Moving from a CTF to Junior Isa
You will need to choose a Jisa provider to move to and it should take up to 15 working days to transfer to a cash accounts and 30 days for non-cash accounts.
You will have to transfer the full amount from your CTF before then closing it. The provider cannot refuse.
However, the Junior Isa provider can decline the funds.
Five steps to move your Child Trust Fund
1. Check the value of the Child Trust Fund and whether there will be any loss of guarantees or excessive charges upon transfer
2. Choose the Junior Isa provider to move to
3. Complete the Junior Isa provider’s application/ CTF transfer form and return to the Junior Isa provider
4. The Junior Isa provider opens the account and submits the transfer application to the CTF provider
5. After the transfer of the savings from the CTF to the Junior Isa, the Child Trust Fund is closed
The Junior Isa provider does the anti-money laundering checks electronically and may ask for further proof after the application.
Transfers should not take more than 30 days. In most cases CTF savings will be transferred as cash.
The bizarre tax treatment of childrens savings
Children can earn money from savings interest and dividends from shares and in theory if it is below the personal allowance of £11,850 they would pay no tax.
There is a catch though. Children can only earn up to £100 in interest or dividends a year tax-free on money gifted by their parents or step-parents.
If it generates income above this, then tax will be charged at the parent who gifted the money’s tax rate.
The parent’s savings allowance, of £1,000 for basic rate taxpayers and £500 for higher rate taxpayers, can be used to cover this but if they have used that up then tax will be charged to them at their tax rate.
The idea here is to stop parents salting money away in childrens’ accounts but with a £20,000 annual Isa allowance, £1,000 savings allowance and £2,000 dividend allowance this looks like an even more bizarre anachronism than before.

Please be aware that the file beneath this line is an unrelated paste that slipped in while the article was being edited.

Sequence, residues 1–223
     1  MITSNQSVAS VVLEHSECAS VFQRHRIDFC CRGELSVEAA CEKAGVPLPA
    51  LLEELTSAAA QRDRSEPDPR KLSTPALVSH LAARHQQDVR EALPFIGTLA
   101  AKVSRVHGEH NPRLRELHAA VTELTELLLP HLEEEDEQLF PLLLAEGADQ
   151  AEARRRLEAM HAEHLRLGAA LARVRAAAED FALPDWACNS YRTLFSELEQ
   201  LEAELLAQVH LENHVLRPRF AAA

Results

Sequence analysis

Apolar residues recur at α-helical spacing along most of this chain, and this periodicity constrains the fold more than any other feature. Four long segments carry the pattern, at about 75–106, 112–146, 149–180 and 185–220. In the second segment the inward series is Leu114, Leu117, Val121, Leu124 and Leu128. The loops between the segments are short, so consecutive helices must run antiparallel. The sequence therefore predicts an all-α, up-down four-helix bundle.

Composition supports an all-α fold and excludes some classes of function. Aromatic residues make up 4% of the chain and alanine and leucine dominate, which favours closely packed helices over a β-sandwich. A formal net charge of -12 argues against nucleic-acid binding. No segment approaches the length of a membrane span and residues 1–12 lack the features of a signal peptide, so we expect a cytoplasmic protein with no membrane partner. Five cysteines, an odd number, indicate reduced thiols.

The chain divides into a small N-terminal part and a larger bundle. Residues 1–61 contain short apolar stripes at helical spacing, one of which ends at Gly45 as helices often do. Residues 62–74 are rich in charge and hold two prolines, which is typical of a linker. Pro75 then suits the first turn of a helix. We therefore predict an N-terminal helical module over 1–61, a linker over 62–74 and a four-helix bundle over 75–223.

Money given by grandparents and other adults is not subject to this cap.
If you do want to invest or save outside of an Isa for children, investment companies, banks and building societies also offer children’s investment and savings plans.
These products use a child’s personal tax allowance as an amount they can earn a year before being taxed.
Parentsneed to fill out an R85 form – available at every bank – for each children’s account opened so that tax isn’t paid on savings. If tax is mistakenly paid, use an R40 form to claim back.
For a longer term investment, you could put money into a children’s investment plan.
Aberdeen offers the choice of 16 investment trusts and you can put in a lump sum minimum of £150 per trust or £30 a month per trust.
Baillie Gifford provides a range of eight investment trusts. You can invest a lump sum from £100 or make monthly contributions from £25.
Both have annual management charges and you will need to pay stamp duty on share purchases.
Where to invest for kids
Investing for children is a long-term game, so you can afford to take more risks than you might do with your own money, however, you should still make sure that you don’t put all their eggs in one basket.
A global fund invested in shares around the world makes a good core element for a portfolio.
A tracker or index fund will follow the global index, while an active fund will try to cherry pick the best companies, which could increase your returns but also the chance the manager could get it wrong or their style fall out of favour.
These are ideas, not recommendations – always do your own research:
Fidelity Index World Fund P
This follows the companies that make up the MSCI World Index of developed markets. Ongoing charges: 0.13%
HSBC FTSE All World Index Fund C
This follows a global index that also includes an emerging markets element. Ongoing charges: 0.16%
iShares MSCI ACWI ETF
This follows an index made up of both developed and emerging markets companies. It’s an ETF so you will pay to buy and sell. Ongoing charges: 0.6%
Lindsell Train Global Equity
This fund buys and holds what the well-respected managers Michael Lindsell and Nick Train see as the world’s best companies. Ongoing charges: 0.74%
Terry Smith’s fund invests in the world’s companies he perceives as having an enduring advantage. Performance has been good but it is heavily weighted to the US. Ongoing charges: 0.97%
Witan investment trust
This investment trust targets long-term growth and invests with a variety of fund managers around the world. A third of it is in UK shares. Ongoing charges: 0.86%
Another option for long-term investing can be found in some of the cheapest investment trusts. Managers here pick shares but offer investments with low fees.
For example, dividend stalwart City of London charges 0.42 per cent, global growth high performer Scottish Mortgage charges 0.37 per cent, and bargain hunter Temple Bar charges 0.49 per cent. All have delivered consistent market and sector-beating performance over the medium to long-term.